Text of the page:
In the past, the public school systems were charged with specifically teaching children school related activities and other moral and value teachings were left to the parent. Through the book, King and King, being read in the classroom, the school has taken over more responsibilities from the parent, attempting to shape them in controversial topics which are still being debated by the adults. It is undermining parental rights by teaching concepts that are too difficult for children to understand, likely illegal in their state, and often unapproved by parents. [I think you are underestimating children.] If this book is read in the classroom to children, then it will undermine parent’s authority by stepping over the boundary of specific moral teaching.

 My thoughts on the teacher's points in the second excerpt:

1. History books calls wrong things atrocities and do not recommend them. How did the teacher fail to acknowledge the book King and King was not calling it wrong....but right! So her own logic fails!

2. Underestimating 5-8 year olds???? Do we think they are not impressionable anymore?!!

 

You can find the other parts of this series here:

What to Do if Your Christian Child is Persecuted Part 1

What Would You Have Done? Part 2: What to do if Your Christian Child is Persecuted

How Much Should we Intervene? Part 3: What to Do If Your Christian Child is Persecuted

Would My Response Backfire? Part 4: What to Do if Your Christian Child is Persecuted

What’s the Worst that Could Happen? Part 5: What To Do if Your Christian Child is Persecuted

failure success streetsigns meZaC80By Lisa Cherry             

My daughter Hannah was at a crossroads.  As high school junior taking her first college course, she wanted to succeed. She had only hours before the final draft of her essay was due.

But no matter how many changes and upgrades she had made, it was not looking good for Hannah's grade.

The teacher did not like her argument that the children’s book King and King depicting homosexual marriage and homosexual kissing should be banned from public school classrooms.

I had emailed the teacher asking for some clarification of her expectations. I did not hear back from her that day.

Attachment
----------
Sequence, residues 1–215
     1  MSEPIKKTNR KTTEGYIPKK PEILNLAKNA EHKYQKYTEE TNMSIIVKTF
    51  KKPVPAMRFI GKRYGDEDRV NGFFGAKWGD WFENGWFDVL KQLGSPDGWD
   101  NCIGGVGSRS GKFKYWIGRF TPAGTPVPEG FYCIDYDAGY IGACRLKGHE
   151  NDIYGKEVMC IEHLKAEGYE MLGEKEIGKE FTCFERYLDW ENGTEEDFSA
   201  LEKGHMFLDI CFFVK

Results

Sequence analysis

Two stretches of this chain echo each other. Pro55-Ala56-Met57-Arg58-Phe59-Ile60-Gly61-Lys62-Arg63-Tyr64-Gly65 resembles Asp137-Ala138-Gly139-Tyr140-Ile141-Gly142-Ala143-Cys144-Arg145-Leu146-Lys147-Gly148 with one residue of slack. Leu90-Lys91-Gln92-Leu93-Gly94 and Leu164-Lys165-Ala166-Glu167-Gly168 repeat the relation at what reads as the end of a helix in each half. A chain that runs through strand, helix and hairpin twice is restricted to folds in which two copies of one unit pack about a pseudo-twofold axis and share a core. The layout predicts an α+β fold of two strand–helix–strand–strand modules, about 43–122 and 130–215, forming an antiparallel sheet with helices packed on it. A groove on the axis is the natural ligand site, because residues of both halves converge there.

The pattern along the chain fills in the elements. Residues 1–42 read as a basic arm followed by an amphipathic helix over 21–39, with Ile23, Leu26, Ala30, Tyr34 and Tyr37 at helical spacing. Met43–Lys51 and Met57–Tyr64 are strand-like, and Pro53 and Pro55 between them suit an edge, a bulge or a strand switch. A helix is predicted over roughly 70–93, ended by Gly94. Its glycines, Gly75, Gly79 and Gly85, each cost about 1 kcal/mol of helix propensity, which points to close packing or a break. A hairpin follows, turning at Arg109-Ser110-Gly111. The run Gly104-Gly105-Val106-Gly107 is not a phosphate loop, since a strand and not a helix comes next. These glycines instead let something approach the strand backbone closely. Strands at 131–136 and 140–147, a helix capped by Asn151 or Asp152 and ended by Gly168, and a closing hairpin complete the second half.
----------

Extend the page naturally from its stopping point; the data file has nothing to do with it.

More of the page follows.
That is when the most important thing happened in this long drama. Sure, it had been good for Hannah to have to learn to argue and defend her faith views in a hostile environment. It had been good that Hannah had learned to approach her college professor humbly asking for more help to complete the project satisfactorily. But now it was time for the big question.

"Hannah," I began my response to the now crying teen, "What is the worst thing that could happen to you with this assignment?"

"Mom, I could fail it and ruin my first semester in college!" was her impassioned response.

"No Hannah. That is not the worst thing. The worst thing is that you could fail to honor the Lord, cave in under the pressure, and change your views!" I responded.

"Yeah, you are right, I guess," she quietly agreed.

Then I helped her to play out the worst case scenario in her mind. Did you know one of the best ways to defeat fear and walk in courage is to imagine your worst fears and see what the Lord can do even with them?

Here is what we determined was worst case:

Hannah fails the class. Gets a bad grade. Has to take the class over. Pays extra money. Works extra hard. And has to explain to people why she failed freshman English.

OK. None of that would be fun. But if people can die for their faith, couldn’t we endure all those pesky hardships?  They sound like “light and  momentary troubles” by comparison. 

Suddenly, I became keenly aware of the benefits of a little persecution!! We were truly learning to stand on what we had always said we believed to be true!

How about you and your kids? How will you handle the pressures in schools, workplaces, and the community? Do you have the courage to suffer....even just a little for the cause of Christ??

Are you sharing this series with your kids? It is a great training ground. Next time, we will conclude with the teacher's final comments on the paper and....the grade!

Image Source:  Sigurd Decroos

Gratefully linked to  Modest Mondays

You can find the other parts of this series here:

What to Do if Your Christian Child is Persecuted Part 1
What Would You Have Done? Part 2: What to do if Your Christian Child is Persecuted

How Much Should we Intervene? Part 3: What to Do If Your Christian Child is Persecuted

Would My Response Backfire? Part 4: What to Do if Your Christian Child is Persecuted

Boy scout memorial 8434451514_661e653301By Lisa Cherry

My heart is wrenched by what happened in the recent decision by the Boy Scouts. We have moved so far since my father-in-law was an Eagle Scout!!

As we attempt to make sense of the implications of their decision, I encourage you to read Laurie Higgins' article Boy Scouts of America: Goodbye, Farewell and Amen.  It explains how dangerous this turn is.  It is hard hitting. But it teaches us to think this thing through!!

Parents of boy scouts, I am so sorry for what you are now in the middle of. But I urge you to take careful heed as you make decisions for you and your family. Our boys need us to stand strong!

I am working hard today on our new book, NOT OPEN, and it is stretching me to think about these types of decisions. We are truly at a turning point in our history!!!! 

Prayer, anyone???

Image source:  Ted Eytan